Uniformity is about potential values, while randomness is about actual values.
For example, suppose you make a very simple hash function that takes the first byte of a string, resulting in 256 buckets. It is uniform, because the number of possible strings starting with a particular byte doesn't depend on. But it is not random for most data sets: at least 12.5% of the values consist of nonprintable characters (control characters) that most data sets don't contain, some characters like
)]} rarely appear at the beginning of a string, an English dictionary contains more words beginning with
a than with
Randomness is defined with respect to a specific data set. For example, if the data set consists of SHA-1 hashes of typical strings, then taking the first byte satisfies the randomness property. If the data set consists of people's surnames, it doesn't. If the data set consists of SHA-1 hashes strings that are deliberately chosen so that their SHA-1 hash starts with the byte 0, then taking the first byte doesn't satisfy randomness either.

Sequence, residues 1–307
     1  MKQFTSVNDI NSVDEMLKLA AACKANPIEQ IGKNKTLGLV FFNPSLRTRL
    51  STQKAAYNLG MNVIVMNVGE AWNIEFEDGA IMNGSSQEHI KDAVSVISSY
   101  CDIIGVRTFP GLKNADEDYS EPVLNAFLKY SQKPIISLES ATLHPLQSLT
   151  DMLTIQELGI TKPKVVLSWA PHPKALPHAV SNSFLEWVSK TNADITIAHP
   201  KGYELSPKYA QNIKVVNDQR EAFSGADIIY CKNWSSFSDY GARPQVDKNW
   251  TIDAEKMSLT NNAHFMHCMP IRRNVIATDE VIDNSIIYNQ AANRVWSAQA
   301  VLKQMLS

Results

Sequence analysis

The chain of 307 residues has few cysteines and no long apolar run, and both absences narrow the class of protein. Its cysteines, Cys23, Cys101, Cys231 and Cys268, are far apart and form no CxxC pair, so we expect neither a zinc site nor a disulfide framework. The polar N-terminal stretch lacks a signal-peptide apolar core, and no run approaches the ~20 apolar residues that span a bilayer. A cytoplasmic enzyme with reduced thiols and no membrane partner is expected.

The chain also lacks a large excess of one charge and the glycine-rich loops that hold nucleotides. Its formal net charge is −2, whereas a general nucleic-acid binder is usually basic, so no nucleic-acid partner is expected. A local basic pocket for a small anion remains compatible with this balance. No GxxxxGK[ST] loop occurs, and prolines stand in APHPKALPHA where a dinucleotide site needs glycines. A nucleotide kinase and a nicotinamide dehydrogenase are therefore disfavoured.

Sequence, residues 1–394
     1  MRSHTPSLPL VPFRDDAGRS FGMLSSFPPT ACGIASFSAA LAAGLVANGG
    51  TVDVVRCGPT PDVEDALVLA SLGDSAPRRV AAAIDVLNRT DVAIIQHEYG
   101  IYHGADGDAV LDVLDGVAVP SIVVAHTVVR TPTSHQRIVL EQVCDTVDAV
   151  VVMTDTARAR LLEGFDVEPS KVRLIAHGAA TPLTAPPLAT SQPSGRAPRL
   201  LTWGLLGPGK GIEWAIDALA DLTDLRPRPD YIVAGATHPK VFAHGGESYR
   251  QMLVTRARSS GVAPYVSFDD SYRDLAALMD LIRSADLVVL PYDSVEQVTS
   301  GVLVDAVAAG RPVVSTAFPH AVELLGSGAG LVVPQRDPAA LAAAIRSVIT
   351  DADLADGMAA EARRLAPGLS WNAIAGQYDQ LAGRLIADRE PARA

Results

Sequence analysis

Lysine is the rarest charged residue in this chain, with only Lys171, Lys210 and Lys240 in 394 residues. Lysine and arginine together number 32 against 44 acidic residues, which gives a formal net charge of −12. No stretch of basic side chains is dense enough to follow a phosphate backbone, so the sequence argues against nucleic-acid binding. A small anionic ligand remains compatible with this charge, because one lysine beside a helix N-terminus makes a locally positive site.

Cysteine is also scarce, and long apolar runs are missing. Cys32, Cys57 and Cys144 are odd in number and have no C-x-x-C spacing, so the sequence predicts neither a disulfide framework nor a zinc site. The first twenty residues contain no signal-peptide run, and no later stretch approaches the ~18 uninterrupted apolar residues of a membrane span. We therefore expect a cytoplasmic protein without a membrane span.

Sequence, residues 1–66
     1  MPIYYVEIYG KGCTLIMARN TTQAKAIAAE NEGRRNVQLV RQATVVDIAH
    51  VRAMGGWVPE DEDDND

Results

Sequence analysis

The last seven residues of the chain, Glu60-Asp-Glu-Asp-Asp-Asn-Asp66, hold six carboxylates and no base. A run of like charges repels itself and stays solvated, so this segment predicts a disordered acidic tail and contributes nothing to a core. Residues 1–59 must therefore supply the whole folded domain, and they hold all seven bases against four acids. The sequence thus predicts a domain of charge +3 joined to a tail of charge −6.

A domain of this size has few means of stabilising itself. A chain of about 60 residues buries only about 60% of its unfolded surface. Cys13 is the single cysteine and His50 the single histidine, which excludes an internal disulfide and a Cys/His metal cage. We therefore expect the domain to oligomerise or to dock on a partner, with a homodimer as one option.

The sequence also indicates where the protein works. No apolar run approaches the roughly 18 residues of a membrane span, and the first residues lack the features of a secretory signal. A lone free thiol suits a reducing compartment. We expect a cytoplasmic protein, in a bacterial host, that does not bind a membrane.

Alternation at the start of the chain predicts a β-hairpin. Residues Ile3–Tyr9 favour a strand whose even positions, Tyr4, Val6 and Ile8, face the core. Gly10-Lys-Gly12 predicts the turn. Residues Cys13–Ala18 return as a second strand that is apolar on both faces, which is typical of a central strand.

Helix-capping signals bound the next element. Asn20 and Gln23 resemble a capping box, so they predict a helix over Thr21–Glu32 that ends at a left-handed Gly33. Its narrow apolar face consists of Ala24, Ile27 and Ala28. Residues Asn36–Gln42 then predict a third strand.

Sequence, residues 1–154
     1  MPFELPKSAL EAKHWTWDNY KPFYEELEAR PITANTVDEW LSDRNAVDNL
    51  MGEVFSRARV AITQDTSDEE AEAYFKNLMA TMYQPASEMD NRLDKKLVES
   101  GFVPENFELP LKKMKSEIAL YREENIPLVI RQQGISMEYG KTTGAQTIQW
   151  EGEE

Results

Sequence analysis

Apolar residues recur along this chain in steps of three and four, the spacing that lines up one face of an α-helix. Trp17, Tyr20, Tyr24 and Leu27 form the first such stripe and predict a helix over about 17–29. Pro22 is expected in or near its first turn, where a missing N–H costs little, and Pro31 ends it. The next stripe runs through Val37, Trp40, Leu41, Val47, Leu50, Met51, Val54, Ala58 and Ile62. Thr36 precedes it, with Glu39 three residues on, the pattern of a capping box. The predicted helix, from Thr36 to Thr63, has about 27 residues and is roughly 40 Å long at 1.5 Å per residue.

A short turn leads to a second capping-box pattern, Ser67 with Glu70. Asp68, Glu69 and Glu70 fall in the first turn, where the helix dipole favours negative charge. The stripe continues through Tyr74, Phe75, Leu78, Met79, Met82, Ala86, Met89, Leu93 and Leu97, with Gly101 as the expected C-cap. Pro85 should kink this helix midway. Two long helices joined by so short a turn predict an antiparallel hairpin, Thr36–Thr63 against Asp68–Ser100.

In fact, there is no hash function that satisfies randomness for all datasets: for any hash function (with at least two buckets), a data set consisting solely of values that hash to bucket 0 violates randomness. The best you can hope is hash functions that satisfy randomness for datasets that are not deliberately crafted to violate randomness. This is possible in practice if the hash function includes a random factor which is based on a secret seed.